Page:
IT Workers Lead U.S. in Weight Gain on the Job

 
 
By Dennis McCafferty  |  Posted 05-01-2014 Email Print this article Print
 
 
 
 
 
 
 
 

Americans' ongoing struggles with weight issues remain a well-documented fact: More than one-third of U.S. adults are obese, according to the U.S. Centers for Disease Control and Prevention (CDC). The estimated annual medical cost for those who are obese is $1,429 higher than those of normal weight. Yet, even within the context of a national health crisis, a recent survey from CareerBuilder presents findings which CIOs may find particularly troubling: Tech workers lead all industry categories in gaining weight on the job. Employees are also at a greater disadvantage if they're female, older or (sorry, CIOs!) a manager. A number of factors appear to be driving this unfortunate trend, including a lack of exercise and activity among a surprisingly high percentage of professionals, as well as the wealth of office-based tasty temptations, such as coworkers' treats and unhealthy fast food. Perhaps it's time for CIOs and other managers to encourage far fewer cake days while making sure there are lots of wholesome fruits available in the pantry? A total of 3,022 workers participated in the research. For more about the survey, click here.

 
 
 
  • Heavy Admission

    55% of workers categorize themselves as overweight.
    Heavy Admission
  • Tech Challenge

    50% of IT employees have gained weight on the job—tops among all vocations—compared to 39% of U.S. workers overall.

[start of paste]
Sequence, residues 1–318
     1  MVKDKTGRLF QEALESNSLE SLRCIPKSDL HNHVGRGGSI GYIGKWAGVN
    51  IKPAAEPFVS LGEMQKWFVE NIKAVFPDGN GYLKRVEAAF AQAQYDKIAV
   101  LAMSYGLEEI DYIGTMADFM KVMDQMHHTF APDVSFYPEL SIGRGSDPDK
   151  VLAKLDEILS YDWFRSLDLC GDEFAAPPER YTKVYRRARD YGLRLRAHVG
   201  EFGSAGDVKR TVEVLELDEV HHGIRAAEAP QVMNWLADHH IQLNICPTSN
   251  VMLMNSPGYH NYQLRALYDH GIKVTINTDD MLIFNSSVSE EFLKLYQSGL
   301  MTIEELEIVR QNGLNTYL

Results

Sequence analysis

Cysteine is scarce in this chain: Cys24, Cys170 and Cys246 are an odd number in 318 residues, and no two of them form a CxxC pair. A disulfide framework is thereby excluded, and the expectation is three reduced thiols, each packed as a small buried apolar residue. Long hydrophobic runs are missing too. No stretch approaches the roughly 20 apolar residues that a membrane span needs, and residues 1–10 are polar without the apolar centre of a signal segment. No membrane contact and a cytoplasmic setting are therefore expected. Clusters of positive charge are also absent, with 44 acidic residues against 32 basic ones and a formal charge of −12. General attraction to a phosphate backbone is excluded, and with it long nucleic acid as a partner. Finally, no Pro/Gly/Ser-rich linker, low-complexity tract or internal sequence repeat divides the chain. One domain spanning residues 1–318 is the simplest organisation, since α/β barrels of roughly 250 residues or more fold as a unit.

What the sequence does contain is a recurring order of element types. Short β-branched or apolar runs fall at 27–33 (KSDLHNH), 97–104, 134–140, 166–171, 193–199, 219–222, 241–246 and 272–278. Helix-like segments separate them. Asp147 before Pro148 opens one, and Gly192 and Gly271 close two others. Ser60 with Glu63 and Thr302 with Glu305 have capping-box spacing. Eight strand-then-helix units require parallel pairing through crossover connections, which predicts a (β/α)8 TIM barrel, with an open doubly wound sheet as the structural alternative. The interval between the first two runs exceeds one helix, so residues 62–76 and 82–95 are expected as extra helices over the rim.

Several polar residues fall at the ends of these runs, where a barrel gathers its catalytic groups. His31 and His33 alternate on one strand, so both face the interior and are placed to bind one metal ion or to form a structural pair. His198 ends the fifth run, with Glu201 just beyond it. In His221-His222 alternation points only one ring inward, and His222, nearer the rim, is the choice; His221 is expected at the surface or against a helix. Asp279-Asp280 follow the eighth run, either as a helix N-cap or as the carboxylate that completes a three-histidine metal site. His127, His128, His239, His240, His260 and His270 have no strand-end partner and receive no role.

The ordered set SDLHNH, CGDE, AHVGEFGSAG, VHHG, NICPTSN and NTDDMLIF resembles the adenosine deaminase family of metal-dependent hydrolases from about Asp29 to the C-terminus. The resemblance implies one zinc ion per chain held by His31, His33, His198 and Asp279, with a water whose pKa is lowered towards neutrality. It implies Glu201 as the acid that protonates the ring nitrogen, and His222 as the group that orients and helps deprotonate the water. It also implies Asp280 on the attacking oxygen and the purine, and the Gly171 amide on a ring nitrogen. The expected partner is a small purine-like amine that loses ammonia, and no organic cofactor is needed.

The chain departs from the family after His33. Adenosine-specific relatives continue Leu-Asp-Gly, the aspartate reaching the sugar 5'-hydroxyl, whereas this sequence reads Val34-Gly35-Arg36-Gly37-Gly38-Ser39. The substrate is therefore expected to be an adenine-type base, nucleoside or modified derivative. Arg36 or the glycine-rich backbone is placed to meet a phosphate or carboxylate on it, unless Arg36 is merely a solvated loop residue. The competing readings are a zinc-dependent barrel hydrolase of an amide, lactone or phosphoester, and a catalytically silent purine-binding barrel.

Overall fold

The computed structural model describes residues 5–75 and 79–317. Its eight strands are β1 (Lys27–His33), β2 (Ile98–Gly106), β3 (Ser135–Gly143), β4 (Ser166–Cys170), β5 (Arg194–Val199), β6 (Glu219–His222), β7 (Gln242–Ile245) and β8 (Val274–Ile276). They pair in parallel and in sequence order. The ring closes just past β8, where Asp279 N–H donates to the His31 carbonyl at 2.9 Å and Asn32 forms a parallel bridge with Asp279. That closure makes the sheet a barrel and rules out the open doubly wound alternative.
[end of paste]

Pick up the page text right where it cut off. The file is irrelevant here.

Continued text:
Tech Challenge
  • Consequences of Scale

    39% say they've gained weight at their current job, with 21% putting on more than 10 pounds.
    Consequences of Scale
  • Weighty Load

    44% of managers say they've added pounds in their current job, compared to 38% of non-managers.
    Weighty Load
  • Generational Divide

    40% of those 35 and older have gained weight on the job, compared to 30% of those 24 or younger.
    Generational Divide
  • Gender Differences

    46% of women workers say they've gained weight on the job, compared to 33% of males.
    Gender Differences
  • Slim Status

    18% of professionals say coworkers who are fit and thin are shown more favoritism in the office.
    Slim Status
  • Troublesome Treats

    21% of workers who have gained weight blame it on colleagues who bring treats into the office.
    Troublesome Treats
  • Get Circulated

    42% of employees don't exercise regularly, and 13% don't do so at all.
    Get Circulated
  • Best Practices: Get Up, Stand Up

    Find excuses to move around: Take stairs instead of elevators. Get up and walk to co-workers' desks to converse instead of using e-mail or the phone.
    Best Practices: Get Up, Stand Up
  • Best Practices: Pack It In

    28% of employees who've gained weight say they dine out too often. So pack your lunches to help control portions and avoid unhealthy impulse choices like junk or fast food.
    Best Practices: Pack It In
  • Best Practices: A Little Goes a Long Way

    Keep tiny, healthy snacks such as fruit at your desk. Focus on smaller but more frequent nutritious meals instead of large, heavy portions.
    Best Practices: A Little Goes a Long Way
 
 
 
 
 
Dennis McCafferty is a freelance writer for Baseline Magazine.

 
 
 
 
 
 

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